A whopping 60,000 feet of opportunity. When Kingsland Middle School closed three years ago, the City of Wykoff had the chance to buy the building and repurpose it. When the City of Wykoff decided to pass, it was auctioned, bought, and then generously given to the Wykoff Commons Project. A whole team of people have put their hearts into this project, including nine members of the Wykoff Commons LLC and a large circle of supporters and volunteers. I was able to meet with two members of the LLC, Pastor Dave Stoeger and Mark Burmeister, who shared the building and potential future plans for it.
On our tour of the school, we viewed the soon-to-be-opened fitness center, which will be called Wykoff Health and Recreation Center (WHRC). “Early on over a year ago, when we would talk to people about a fitness center and about the school, there was a lot of support for preserving and using the school,” says Mark Burmeister. A member of the team purchased and donated all of the fitness equipment and it took a team to move it all into the building. The machines came in one piece, but to fit them into the east side of the building they needed to be disassembled. Every machine came through the main doors by the office. Burmeister remembers, “They were 35 inches wide, so almost every machine had to come apart. This was done in early January on a day where it was about zero. Half a dozen guys, a fork lift, and a semi-trailer,” and the machines were wrestled inside. After the acquisition of the whole property of Kingsland, the machines were actually moved a second time onto a lower level.
Moving ahead with the plans of a fitness center, the LLC transformed three rooms in the building and will soon be welcoming the public. The three large rooms hold specific equipment and include the circuit room, abs/free weights room, and cardio room. There will be instruction cards and television entertainment when using the machines. With pin code access, no member needs a key or card to enter. Operational hours will be from 6 a.m.-10 p.m., and the cost monthly fee is $25/individual, and $35/family. Or for those who want annual memberships, it will be $250/individual and $350/family. What makes the WHRC unique is that the building is also recreational. Kingsland Middle School has two full size gyms, which no other fitness center in the county offers. With indoor options of basketball, volleyball, tennis, and pickleball, the gym additionally offers opportunities for community events. The larger gym seats 850 people, which is more than enough room to seat every resident of Wykoff.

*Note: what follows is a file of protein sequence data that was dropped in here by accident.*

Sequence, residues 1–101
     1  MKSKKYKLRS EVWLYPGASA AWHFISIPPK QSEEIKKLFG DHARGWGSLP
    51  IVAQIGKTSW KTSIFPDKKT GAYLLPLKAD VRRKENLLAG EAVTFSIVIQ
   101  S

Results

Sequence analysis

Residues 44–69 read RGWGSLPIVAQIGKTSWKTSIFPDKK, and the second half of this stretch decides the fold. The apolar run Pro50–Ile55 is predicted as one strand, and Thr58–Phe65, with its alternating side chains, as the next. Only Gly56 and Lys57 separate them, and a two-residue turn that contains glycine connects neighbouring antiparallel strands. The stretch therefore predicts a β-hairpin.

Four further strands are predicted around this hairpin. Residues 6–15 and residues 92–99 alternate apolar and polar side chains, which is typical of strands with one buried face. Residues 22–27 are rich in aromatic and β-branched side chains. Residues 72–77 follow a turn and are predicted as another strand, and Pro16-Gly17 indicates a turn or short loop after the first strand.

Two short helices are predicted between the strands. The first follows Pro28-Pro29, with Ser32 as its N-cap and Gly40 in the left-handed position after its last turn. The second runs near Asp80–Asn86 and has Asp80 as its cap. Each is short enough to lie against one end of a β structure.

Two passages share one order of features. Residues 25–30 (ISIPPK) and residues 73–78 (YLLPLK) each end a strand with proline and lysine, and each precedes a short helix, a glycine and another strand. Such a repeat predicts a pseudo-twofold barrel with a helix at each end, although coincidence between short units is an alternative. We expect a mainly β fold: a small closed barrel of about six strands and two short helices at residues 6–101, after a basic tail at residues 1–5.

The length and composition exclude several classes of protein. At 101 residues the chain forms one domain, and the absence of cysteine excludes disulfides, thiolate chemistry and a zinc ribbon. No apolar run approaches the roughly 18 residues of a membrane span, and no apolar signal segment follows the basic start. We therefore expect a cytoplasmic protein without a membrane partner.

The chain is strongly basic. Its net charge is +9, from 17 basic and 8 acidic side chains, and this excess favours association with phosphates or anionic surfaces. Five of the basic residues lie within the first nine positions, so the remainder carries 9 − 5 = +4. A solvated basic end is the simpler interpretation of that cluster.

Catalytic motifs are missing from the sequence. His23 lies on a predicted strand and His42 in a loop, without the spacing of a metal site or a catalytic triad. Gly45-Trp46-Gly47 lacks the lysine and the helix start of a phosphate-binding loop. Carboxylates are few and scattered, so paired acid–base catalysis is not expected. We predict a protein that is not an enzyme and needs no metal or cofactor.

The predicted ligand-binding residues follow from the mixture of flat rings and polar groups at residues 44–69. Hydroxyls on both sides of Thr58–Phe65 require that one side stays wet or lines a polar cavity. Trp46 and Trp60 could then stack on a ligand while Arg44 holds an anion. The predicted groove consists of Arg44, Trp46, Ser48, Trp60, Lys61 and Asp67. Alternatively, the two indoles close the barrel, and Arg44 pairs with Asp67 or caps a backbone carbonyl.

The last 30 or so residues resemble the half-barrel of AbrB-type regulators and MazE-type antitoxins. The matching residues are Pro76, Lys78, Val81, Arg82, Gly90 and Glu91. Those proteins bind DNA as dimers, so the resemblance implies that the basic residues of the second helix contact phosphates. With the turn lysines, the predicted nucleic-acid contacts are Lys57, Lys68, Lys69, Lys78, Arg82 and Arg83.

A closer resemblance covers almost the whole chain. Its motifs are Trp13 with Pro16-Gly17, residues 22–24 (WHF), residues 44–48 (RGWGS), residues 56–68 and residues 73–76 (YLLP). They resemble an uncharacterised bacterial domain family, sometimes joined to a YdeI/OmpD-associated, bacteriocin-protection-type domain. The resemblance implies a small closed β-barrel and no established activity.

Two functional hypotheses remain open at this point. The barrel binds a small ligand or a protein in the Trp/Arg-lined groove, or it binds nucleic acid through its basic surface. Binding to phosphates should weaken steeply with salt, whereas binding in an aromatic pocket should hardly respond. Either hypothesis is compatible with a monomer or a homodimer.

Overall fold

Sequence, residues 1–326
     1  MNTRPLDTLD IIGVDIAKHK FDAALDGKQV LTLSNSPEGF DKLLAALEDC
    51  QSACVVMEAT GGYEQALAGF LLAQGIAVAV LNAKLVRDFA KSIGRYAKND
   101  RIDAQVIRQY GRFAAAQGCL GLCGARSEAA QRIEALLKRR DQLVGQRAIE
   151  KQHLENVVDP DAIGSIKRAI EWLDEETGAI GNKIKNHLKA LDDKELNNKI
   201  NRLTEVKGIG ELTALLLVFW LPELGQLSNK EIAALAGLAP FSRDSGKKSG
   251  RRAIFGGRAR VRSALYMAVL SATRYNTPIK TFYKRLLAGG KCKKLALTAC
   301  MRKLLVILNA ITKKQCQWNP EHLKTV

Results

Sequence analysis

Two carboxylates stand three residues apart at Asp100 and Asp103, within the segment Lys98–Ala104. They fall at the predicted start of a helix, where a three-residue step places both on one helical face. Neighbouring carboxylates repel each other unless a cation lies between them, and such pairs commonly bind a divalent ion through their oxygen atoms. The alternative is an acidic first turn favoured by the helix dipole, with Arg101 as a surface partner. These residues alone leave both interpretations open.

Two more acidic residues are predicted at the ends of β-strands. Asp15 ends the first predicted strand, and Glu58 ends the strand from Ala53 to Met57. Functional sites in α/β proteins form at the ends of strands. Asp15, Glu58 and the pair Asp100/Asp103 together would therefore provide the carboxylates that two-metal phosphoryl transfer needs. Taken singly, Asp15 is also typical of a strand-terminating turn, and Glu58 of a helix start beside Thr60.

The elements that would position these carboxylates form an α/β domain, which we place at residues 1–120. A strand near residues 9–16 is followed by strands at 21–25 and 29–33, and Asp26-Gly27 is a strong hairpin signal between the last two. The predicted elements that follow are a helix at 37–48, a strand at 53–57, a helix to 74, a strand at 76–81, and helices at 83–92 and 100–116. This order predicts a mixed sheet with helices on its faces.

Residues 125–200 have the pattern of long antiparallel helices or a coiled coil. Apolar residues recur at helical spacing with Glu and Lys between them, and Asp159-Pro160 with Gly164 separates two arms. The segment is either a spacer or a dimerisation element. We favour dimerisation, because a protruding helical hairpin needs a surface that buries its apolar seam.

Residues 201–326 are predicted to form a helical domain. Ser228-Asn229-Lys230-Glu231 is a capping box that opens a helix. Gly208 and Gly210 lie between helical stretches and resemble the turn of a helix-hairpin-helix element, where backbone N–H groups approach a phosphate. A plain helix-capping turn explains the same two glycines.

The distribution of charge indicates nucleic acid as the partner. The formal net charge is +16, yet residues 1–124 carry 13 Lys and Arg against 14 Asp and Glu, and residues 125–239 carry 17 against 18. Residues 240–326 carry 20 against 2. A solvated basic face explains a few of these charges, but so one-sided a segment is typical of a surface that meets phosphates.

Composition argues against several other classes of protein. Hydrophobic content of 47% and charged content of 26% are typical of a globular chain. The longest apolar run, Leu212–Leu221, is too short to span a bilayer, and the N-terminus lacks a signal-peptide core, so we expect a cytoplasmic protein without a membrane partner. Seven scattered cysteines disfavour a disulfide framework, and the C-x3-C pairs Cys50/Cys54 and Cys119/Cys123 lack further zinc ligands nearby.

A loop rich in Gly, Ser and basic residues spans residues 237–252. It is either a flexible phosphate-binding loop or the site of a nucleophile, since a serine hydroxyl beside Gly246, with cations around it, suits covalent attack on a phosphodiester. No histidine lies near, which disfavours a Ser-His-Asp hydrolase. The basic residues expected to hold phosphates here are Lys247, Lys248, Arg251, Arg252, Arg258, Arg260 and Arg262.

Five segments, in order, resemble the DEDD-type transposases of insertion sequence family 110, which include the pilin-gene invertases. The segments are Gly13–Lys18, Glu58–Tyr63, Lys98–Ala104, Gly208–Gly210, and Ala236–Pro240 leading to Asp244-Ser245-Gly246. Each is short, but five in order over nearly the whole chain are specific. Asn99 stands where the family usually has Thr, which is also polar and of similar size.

Dave Stoeger explains, “It’s something we can offer to the community that is good, that is healthy, that is wholesome, for all generations. From little kids, to youth and all the way up to seniors. It’s not only a place to work out, but these places become a neat place to socialize.” Future goals for the fitness center include adding a new locker room and a new floor for the large gym. “This is an ongoing project. We would love to see the community invest in it, and really appreciate it and expand on it,” he shared.